Updated 09/26/11 – 12:55 p.m.

CHICAGO (CBS) — Former Gov. Rod Blagojevich’s sentencing hearing – originally set for next week – has been delayed indefinitely.

U.S. District Judge James Zagel did not provide a reason for the delay in issuing an order on Monday postponing the Oct. 6 sentencing date indefinitely.

The delay was no surprise, as Zagel is slated to begin the trial of Springfield power broker William Cellini on Oct. 3 and was unlikely to take a break in that trial to hold Blagojevich’s sentencing.

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Defense attorney Sheldon Sorosky said Blagojevich was prepared for the delay and he expects the sentencing will be rescheduled for soon after the Cellini trial, likely in late October or early November.

Cellini, a former fundraiser for Blagojevich, is accused of conspiring with others to extort a campaign contribution for Blagojevich from a Hollywood film producer.

Meantime, Zagel also denied all of Blagojevich’s post-trial motions, including a motion seeking another trial and a motion seeking to have his convictions overturned.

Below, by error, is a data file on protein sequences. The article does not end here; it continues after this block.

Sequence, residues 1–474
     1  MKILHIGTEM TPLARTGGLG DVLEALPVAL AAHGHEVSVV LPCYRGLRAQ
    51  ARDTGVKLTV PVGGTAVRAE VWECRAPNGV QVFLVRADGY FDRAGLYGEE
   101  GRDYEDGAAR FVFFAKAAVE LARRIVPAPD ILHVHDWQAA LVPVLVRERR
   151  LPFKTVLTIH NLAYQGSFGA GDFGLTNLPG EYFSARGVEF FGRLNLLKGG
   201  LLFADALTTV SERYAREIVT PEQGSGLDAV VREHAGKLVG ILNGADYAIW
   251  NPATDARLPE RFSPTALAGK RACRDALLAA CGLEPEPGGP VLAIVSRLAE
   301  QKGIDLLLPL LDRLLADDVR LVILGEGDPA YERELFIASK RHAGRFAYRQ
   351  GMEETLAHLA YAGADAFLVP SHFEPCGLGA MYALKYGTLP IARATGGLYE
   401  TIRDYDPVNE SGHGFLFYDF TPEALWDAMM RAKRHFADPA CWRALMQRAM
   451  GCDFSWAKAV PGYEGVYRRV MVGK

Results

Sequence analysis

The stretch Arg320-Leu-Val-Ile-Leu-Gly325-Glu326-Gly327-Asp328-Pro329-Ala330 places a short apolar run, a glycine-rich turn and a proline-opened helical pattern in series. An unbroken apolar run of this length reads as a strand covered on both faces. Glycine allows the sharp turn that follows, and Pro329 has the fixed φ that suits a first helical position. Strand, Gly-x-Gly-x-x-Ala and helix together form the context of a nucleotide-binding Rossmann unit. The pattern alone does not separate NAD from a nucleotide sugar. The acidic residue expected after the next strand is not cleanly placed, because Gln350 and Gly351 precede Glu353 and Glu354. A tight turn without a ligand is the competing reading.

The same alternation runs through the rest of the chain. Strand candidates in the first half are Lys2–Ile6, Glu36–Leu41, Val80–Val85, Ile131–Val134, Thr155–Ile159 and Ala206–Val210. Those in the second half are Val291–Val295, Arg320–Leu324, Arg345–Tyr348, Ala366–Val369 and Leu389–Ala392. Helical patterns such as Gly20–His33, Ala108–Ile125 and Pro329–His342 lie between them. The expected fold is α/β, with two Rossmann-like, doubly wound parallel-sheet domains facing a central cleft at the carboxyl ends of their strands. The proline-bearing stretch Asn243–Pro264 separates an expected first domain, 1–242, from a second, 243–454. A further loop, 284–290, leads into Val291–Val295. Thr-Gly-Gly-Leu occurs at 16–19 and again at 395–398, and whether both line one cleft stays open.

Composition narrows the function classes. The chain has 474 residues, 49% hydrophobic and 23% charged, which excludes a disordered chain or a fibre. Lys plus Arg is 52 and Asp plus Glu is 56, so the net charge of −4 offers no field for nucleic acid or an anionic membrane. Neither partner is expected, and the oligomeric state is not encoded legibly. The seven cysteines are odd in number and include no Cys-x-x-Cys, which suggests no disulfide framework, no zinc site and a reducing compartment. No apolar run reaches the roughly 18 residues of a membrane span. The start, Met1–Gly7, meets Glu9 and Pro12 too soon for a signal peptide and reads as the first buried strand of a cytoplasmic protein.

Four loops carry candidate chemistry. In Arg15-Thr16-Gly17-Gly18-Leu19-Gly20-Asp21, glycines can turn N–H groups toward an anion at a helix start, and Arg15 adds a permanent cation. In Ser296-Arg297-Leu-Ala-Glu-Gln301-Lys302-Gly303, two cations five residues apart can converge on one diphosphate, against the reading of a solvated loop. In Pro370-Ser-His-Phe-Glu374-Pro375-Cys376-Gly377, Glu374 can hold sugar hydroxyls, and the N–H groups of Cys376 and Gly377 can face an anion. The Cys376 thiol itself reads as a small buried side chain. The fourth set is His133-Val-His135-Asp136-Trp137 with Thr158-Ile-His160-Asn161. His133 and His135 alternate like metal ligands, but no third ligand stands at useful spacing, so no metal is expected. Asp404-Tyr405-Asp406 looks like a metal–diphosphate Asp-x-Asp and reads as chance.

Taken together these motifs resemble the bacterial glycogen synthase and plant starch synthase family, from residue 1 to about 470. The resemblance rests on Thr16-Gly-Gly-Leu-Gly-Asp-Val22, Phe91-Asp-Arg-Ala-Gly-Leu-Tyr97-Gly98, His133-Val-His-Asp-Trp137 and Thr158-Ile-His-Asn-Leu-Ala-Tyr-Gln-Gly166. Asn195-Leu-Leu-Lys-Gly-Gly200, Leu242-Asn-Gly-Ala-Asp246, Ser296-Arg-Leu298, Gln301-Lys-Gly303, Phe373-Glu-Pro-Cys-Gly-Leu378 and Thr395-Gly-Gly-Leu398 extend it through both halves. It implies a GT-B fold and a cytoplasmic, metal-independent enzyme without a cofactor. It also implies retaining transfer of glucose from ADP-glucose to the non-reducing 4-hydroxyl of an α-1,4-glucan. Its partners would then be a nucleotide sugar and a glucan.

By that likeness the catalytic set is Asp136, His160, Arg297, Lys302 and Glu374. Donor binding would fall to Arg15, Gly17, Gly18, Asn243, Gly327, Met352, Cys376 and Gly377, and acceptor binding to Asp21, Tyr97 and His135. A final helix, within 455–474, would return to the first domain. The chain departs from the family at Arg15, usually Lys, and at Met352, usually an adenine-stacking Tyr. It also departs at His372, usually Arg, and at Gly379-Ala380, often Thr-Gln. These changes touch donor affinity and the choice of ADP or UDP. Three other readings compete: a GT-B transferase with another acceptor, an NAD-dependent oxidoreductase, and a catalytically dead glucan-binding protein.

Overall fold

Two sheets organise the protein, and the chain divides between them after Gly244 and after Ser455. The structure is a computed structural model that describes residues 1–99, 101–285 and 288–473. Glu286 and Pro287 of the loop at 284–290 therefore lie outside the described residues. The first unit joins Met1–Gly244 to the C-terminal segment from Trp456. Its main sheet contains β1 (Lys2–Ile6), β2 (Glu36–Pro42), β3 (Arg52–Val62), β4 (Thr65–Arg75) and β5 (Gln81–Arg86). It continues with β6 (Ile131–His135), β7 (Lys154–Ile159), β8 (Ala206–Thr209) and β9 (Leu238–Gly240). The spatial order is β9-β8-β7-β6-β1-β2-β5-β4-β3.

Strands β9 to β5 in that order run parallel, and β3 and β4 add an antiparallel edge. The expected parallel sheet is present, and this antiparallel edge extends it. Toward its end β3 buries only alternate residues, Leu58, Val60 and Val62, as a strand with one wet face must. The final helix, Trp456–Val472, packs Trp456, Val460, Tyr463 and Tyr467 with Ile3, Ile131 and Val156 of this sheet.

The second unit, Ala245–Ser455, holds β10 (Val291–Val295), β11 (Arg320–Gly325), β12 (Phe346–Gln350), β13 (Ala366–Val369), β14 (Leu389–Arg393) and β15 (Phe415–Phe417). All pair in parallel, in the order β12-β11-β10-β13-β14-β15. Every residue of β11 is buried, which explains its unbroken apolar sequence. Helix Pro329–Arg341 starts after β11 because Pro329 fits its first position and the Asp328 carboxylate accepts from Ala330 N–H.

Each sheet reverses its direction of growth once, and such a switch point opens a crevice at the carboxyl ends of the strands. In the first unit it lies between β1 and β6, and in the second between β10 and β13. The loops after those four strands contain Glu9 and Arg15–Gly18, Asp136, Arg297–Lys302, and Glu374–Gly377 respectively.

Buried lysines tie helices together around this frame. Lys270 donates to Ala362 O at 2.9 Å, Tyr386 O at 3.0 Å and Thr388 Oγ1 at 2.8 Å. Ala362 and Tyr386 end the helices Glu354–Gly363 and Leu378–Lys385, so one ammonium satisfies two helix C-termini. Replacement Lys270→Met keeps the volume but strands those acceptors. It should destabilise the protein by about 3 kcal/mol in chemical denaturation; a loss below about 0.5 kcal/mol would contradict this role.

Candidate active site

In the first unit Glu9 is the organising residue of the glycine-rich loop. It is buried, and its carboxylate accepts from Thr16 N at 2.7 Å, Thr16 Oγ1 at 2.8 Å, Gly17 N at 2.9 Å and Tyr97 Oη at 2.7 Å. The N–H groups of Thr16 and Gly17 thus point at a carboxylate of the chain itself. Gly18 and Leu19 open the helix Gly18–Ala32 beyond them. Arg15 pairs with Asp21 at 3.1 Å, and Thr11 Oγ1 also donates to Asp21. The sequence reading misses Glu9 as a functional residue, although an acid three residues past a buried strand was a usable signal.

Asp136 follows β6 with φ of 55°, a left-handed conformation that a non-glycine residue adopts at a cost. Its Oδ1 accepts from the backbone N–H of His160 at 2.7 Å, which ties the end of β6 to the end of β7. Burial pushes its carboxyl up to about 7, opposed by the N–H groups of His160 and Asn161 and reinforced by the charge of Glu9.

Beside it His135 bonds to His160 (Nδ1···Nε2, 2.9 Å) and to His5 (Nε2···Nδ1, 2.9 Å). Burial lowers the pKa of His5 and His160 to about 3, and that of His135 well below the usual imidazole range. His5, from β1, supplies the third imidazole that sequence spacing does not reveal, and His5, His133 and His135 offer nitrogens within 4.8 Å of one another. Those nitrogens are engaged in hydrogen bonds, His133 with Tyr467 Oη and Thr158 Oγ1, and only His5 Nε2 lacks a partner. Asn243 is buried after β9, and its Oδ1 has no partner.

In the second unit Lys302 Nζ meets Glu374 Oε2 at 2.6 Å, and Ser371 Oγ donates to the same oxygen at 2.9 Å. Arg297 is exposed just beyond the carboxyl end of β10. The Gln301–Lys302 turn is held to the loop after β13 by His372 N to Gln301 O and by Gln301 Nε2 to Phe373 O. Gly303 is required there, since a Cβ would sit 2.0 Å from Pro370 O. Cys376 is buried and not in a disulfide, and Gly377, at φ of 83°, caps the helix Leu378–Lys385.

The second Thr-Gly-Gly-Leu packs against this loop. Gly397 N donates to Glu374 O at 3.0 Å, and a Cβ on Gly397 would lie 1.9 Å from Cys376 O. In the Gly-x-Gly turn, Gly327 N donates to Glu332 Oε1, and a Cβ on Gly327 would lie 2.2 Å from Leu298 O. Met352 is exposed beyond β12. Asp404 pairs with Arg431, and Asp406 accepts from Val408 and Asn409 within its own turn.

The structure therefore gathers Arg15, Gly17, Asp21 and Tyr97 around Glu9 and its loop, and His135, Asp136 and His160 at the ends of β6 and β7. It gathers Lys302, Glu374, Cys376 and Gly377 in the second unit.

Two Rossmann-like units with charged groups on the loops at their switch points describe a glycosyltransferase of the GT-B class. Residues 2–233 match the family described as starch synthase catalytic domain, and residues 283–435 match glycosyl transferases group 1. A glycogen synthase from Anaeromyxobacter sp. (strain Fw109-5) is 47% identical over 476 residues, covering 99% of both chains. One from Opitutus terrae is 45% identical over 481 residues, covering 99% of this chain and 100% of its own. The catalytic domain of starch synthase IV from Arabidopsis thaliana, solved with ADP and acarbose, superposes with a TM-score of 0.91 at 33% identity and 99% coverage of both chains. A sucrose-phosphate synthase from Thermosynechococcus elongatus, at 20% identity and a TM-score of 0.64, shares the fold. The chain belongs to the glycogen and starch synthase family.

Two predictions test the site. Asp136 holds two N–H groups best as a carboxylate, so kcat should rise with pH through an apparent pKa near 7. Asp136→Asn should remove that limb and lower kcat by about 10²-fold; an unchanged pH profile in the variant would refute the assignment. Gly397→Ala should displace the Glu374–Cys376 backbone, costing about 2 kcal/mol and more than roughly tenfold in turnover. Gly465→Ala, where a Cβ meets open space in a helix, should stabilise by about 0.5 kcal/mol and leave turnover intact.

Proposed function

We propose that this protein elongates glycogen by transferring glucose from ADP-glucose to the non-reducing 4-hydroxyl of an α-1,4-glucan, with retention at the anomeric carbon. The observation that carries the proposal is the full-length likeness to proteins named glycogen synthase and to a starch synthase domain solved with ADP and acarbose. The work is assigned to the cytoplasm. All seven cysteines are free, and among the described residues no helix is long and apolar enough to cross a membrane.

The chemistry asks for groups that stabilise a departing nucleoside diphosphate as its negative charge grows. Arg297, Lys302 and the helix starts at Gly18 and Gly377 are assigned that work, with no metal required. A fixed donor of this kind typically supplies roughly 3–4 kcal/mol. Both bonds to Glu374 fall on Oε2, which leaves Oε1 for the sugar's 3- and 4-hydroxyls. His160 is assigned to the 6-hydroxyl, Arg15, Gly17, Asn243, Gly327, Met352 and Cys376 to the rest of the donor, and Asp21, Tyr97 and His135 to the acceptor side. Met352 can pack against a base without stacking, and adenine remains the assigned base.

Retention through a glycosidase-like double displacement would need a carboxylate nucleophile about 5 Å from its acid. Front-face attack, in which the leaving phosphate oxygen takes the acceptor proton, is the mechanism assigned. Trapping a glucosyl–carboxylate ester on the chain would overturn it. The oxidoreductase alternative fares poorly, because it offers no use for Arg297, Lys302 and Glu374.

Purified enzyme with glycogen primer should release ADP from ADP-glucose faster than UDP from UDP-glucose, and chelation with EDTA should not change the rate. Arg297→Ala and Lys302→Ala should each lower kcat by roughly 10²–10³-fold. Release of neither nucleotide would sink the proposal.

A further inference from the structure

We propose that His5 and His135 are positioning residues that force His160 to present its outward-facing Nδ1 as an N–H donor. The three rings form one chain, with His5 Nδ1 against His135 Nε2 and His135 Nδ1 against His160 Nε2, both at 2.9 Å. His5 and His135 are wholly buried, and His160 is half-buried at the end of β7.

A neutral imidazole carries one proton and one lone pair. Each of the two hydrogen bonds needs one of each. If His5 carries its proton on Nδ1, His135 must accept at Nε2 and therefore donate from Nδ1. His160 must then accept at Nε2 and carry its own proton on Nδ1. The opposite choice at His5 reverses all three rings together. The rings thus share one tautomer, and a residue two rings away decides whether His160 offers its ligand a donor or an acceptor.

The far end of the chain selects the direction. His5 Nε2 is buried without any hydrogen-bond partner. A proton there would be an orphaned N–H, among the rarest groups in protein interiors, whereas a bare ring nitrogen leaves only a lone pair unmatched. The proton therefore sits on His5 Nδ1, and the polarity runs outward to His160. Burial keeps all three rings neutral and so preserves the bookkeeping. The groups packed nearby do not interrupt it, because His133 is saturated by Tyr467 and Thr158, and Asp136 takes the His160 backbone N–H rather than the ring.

Sorosky said he was disappointed with that ruling.

“We were hoping Judge Zagel would sustain some of our positions and grant us a new trial,” Sorosky said.

At his retrial this summer, Blagojevich, 54, was convicted on 17 various corruption counts, including allegations that he tried to sell or trade an appointment to the U.S. Senate seat vacated by President Barack Obama in late 2008. At his first trial last year, jurors deadlocked on all but one count, finding Blagojevich guilty of lying to the FBI.

After the retrial, defense attorneys filed a 158-page motion for a new trial, criticizing Zagel for his repeated rulings against Blagojevich, saying the judge placed “a thumb on the scale of justice.”

In the motion, defense attorneys cited a litany of rulings that they claimed showed the judge was biased and helped prosecutors prevent the defense from presenting an effective case.

They also claimed that Blagojevich only decided to testify at his retrial because he believed he would be allowed to testify that he believed his actions were legal and that none of his advisers told him differently. But they said the “pulled the rug out from under Blagojevich” once he took the stand by barring such testimony.

Blagojevich faces a maximum of 305 years behind bars if he were to receive consecutive sentences for each individual count, but legal experts have said it is likely he’ll be sentenced to somewhere between 6 and 15 years.

Although prosecutors have yet to make a recommendation on Blagojevich’s sentence, they have calculated that he could face 30 years to life in prison.